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2013 - Winners

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The RFS Excellence in Forestry Awards together make the country’s premier forestry competition and are held on a seven-year rotation around England, Wales and Northern Ireland.

In 2013, for the first time, there will be five woodland categories, following the introduction of an urban forestry category. The competition also continues to award the challenge trophy – the Sylva Cup – to recognise an individual who has made an exceptional contribution to woodlands or the understanding of woodlands.

In 2013 the Awards will focus on woodland and tree schemes across the North West and the West Midlands covering Herefordshire, Worcestershire, Warwickshire, Shropshire, the West Midlands, Staffordshire, Cheshire, Greater Manchester, Merseyside, Lancashire, Cumbria and the Isle of Man.

For photographs and details of winners in 2013, please follow the links below:

 


 

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About the judges - Judges for 2013:

 

Tim Sawyer – Tim attended Gwydyr Forester Training School from 1962–64 and later gained the National Diploma in Forestry and the Diploma in Management Studies. He spent his career with the Forestry Commission, apart from a two-year secondment to the government of Jamaica. He was a member of the FC's Work Study Branch, Head Training Forester for South and West England, Forest District Manager for the Marches Forest District and then Regional Operations Manager when Southwest and Southeast England merged. Tim retired in 1998 and now lives in Salisbury, spending some time each year in Australia.

Trefor Thompson – Trefor graduated in Forestry at Bangor University in 1974 and joined Clwyd County Council as Forestry Officer later that year. He became Principal Forestry Officer in 1985 and transferred to the new Denbighshire unitary authority as Principal Countryside Officer in 1996, remaining there until he retired in 2008. He was a member of the Board of the Welsh woodlands initiative – Coed Cymru – for many years and also served on the Wales Woodland Forum and its successor the Wales Woodland Strategy Advisory Panel. Trefor has been heavily involved with the development, creation and management of community woodland projects throughout his career. He lives near Ruthin in north Wales and is the Coordinator of the Royal Forestry Society’s Excellence in Forestry Competition.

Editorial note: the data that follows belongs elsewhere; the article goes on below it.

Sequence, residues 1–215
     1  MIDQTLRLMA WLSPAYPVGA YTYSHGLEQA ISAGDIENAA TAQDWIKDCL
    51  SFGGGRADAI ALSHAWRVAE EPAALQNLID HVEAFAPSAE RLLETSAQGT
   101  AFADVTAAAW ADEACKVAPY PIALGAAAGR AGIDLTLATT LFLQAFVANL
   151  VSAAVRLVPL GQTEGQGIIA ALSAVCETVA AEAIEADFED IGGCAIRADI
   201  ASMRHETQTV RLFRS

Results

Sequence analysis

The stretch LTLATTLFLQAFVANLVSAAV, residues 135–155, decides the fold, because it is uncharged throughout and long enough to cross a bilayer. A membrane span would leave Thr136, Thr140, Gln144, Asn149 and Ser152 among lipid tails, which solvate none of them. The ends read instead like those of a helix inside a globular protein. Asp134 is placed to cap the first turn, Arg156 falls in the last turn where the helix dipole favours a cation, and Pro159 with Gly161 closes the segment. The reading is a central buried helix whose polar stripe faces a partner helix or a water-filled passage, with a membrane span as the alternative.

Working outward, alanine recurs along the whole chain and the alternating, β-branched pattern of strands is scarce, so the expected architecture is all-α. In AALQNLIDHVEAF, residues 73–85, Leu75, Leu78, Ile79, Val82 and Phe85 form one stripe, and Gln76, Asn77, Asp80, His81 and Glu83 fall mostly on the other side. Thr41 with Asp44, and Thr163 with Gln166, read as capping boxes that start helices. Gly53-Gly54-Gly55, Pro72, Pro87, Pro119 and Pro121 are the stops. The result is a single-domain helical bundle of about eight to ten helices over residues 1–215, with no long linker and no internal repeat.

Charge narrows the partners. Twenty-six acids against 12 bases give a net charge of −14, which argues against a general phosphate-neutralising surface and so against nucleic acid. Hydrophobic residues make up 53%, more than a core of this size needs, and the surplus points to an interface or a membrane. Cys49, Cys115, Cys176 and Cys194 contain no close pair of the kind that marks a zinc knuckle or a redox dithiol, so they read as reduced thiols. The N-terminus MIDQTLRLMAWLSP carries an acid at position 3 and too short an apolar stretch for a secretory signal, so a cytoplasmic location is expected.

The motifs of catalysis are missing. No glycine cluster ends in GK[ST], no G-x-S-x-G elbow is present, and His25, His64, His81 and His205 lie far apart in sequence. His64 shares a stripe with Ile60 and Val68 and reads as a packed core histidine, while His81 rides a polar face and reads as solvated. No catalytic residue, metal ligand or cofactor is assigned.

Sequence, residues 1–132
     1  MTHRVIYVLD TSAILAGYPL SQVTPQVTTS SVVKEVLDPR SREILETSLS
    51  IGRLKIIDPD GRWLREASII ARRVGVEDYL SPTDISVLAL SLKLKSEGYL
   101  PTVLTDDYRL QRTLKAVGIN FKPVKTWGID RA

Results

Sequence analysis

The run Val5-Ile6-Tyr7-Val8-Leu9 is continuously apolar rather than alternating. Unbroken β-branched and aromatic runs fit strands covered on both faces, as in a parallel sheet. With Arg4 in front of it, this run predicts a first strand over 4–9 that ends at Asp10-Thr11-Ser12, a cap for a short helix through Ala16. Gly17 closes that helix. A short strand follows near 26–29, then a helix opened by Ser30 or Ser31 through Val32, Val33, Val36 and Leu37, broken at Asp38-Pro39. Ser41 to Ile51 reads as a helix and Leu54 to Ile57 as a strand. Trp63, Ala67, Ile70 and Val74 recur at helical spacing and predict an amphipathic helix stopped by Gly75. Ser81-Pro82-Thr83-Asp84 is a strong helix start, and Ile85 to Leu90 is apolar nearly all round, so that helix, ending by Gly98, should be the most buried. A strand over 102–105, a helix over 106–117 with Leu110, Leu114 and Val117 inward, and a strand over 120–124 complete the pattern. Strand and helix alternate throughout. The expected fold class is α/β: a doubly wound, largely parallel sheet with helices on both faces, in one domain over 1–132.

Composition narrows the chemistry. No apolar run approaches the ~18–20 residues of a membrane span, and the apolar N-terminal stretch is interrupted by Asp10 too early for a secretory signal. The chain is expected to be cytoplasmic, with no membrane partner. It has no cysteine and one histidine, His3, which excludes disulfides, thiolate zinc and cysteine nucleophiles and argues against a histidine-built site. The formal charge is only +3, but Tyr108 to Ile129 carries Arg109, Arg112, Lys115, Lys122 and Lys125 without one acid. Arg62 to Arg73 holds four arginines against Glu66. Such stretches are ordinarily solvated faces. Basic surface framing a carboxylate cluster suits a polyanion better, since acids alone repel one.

Debbie Cotton – Debbie studied ecology at Manchester Metropolitan University and conservation at University College London, where she specialised in woodland community ecology and the conservation of fragmented woodland habitats. Debbie is a qualified forest school leader and has been leading forest school sessions near her home in Oxfordshire since 2009. She is the Education Officer for the RFS and works with schools, college students and adults to help improve knowledge of trees and woods nationwide. She is a member of the Institute of Ecology and Environmental Management (IEEM) and sits on the steering committee for the Forest Education Network.

Richard Pain – Richard studied environmental biology at Aberystwyth University, protected area management at the University of London and forestry at Aberdeen University. He has worked for educational organisations such as the Field Studies Council and the Natural History Museum. Richard managed an estate in Kent for a number of years before joining the Forestry Commission in 2009; firstly as SSSI Project Officer and then as Woodland Officer for the county of Oxfordshire where he now lives.

Rob Guest – Rob began working in forestry in Lincolnshire in his school holidays and went on to gain a forestry degree from Bangor University. He worked in forest management and research in New Zealand for twenty years, working in forest habitat from the coastal zone to high in the southern Alps. Rob returned to Britain where he took a post with Forestry Commission as Silviculture and Environment Manager for North and East England and then became Deputy Surveyor for the Forest of Dean, a position he held until he retired in 2010.

Les Starling – Les began working for the Forestry Commission in 1962; training initially in the Forest of Dean before going to the Gwydyr Forestry Training School (1964–66). After completing his training in the Forest of Dean he worked on Field Surveys based in Coleford for several years. He then transferred to South Wales for 12 years before serving his final 18 years as a Woodland Officer in North East Wales. Les retired in 2004 after 42 years with the Forestry Commission and still lives in North Wales. He is currently Vice-Chairman of the North Wales Wildlife Trust, Chair of Cofnod (the North Wales Local Record Centre) and is a committee member of North Wales FWAG Cymru and the North Wales Division of the RFS.